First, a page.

THE FAMOUS ELSEWHERE QUESTIONNAIRE: Ross Mullins

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Koromiko Road
THE FAMOUS ELSEWHERE QUESTIONNAIRE: Ross Mullins

It has been more than a wee while – he says 17 years in the liner notes to his current album – since we have heard new music from Ross Mullins, once the unofficial Musician-in-Residence in his home suburb of Devonport.

From the mid Eighties with his acclaimed debut album State House Kid, songwriter-singer and keyboard player Mullins – who fronted the band Last Man Down – had a run of records on which he looked closely at Kiwi life, adapted James K Baxter's The Bay, sang of Where Fairburn Walked and . . .

Very few New Zealand musicians have looked so closely at us.

Across his first three albums State House Kid, This Sporting Life and Parting Shots were songs with titles such as Going to Australia, Featherston (about the shooting of Japanese prisoners there in '43), Beneficiary, Pinehead, Night of the Test, Standard Three, Working for the Brewery, Dawn Parade, Hanged in a Police Cell, Farmers' Bus . . ..

image-0-300-0-300-crop_1Other albums followed throughout the Nineties (Stranger at the Ranchslider and King of the Mercuries) but since Tidemarks in 2001 Mullins has been off the radar.

He is now back with Ross Mullins and the Snaps (some of whom were in Last Man Down and/or are longtime fellow travelers like guitarist Nigel Gavin, drummer Jason Orme, saxophonist Jim Langabeer and singer Caitlin Smith) for the album The Poet and the Fisherman.

And, as always, he turns the microscope on his and our world: aging, the emotion and financial cost of a marriage break-up, the death of loved ones, the working life, quitting the country because you can't keep afloat here . . .

And there is the comfort of love and domesticity amidst it all.

Just life as we know it.

Time to let Ross Mullins – who could have answered our questions in French and cited chanson singers and Celine because he's actually Dr Ross and a French teacher, or even answered our jazz version – answer our Famous Elsewhere Questionnaire . .

The first piece of music which really affected you was . . .

Rachmaninov’s 2nd and 3rd piano concertos or was it For All The Saints (Vaughan Williams)?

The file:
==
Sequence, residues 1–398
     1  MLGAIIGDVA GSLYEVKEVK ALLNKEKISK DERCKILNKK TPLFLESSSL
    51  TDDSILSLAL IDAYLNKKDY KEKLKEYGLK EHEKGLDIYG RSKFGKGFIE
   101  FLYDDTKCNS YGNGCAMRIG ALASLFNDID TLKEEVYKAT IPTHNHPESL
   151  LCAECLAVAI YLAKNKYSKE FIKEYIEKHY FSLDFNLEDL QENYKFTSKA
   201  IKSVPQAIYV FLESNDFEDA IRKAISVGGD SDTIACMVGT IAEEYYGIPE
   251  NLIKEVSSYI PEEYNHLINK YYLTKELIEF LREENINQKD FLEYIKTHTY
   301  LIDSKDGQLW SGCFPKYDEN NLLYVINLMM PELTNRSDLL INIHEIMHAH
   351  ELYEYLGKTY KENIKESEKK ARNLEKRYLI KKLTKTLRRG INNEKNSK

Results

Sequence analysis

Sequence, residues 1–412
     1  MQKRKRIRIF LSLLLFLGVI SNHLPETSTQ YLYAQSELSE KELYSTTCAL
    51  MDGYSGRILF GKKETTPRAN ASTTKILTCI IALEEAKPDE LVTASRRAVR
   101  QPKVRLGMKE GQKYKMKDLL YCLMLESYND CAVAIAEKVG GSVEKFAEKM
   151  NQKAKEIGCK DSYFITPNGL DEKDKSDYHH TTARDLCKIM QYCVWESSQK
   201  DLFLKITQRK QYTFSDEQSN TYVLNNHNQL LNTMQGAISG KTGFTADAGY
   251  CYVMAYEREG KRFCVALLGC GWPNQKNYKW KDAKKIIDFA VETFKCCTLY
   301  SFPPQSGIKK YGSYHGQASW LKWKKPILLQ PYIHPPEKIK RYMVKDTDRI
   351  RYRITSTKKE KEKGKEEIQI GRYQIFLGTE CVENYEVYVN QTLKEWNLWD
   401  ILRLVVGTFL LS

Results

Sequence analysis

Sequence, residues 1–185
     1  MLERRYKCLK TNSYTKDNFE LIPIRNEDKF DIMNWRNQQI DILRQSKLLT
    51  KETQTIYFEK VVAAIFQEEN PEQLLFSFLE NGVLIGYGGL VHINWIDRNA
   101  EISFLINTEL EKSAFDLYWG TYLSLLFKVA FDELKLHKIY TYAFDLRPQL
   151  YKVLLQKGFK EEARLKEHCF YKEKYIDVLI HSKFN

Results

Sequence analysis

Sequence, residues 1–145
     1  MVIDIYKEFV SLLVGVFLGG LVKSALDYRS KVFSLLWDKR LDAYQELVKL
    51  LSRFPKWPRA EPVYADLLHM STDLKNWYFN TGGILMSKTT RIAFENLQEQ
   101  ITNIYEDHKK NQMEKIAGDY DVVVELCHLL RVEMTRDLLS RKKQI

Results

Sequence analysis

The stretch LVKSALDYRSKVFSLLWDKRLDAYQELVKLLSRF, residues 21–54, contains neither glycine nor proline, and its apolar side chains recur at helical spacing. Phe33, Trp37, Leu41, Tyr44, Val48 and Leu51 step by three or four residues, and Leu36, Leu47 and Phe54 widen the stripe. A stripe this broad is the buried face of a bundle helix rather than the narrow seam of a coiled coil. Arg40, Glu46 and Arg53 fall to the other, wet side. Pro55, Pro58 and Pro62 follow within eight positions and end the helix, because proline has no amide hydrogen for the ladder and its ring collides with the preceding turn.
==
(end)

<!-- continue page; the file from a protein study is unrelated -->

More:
Your first (possibly embarrassing) role models in music were . . .

Dylan (of course), Ray Davies (Dead End Street my first single), Lovin’ Spoonful and Cohen

Lennon or Jagger, Ramones or Nirvana, Madonna or Gaga, Jacko or Jay-Z?

Lennon, (pass on the rest)

If music was denied you, your other career choice would be . . .

Sadly teaching

The three songs (yours, or by others) you would love everyone to hear are . . .

Cais (Milton Nascimento), Sandy Cove (Jimmy Webb) Nature of Power (Vince Jones)

Any interesting, valuable or just plain strange musical memorabilia at home...

Beware the Man Sam Hunt’s LP with Mammal and the J K Baxter EP

The best book on music or musicians you have read is . . .

How My Heart Sings (Bill Evans bio by Peter Pettinger)

If you could get on stage with anyone it would be?

Glenn Gould (for a chat), Randy Newman? Thelonious Monk?

The three films you'd insist anybody watch because they might understand you better are . . .

Monkey Business (Marx Bros), Seventh Seal (Bergman) and Contempt (Godard)

The last CD or vinyl album you bought was . . . (And your most recent downloads include...)

The Way In Is The Way Out (Music of Murray McNabb)

One song, royalties for life, never have to work again. The song by anyone, yourself included, which wouldn't embarrass you in that case would be . . .

Avec Le Temps (Léo Ferré)

ross_copyThe poster, album cover or piece of art could you live with on your bedroom forever would be . . .

Poster of the Marx Brothers (has been on my wall for 20 years)

You are allowed just one tattoo, and it is of . . .

A rose for Pam (Lord knows she deserves it)

David Bowie sang, “Five years, that's all we've got . . .” You would spend them where and doing what?

Chilling out on the Kaipara Harbour.

And finally, in the nature of press conferences in Japan, “Can you tell me please why this is your best album ever?”

I had to dig deep to get some of these songs out, peeling off a few layers of the onion as Joni Mitchell calls it, working towards a new honesty. Hope to keep working in this direction.

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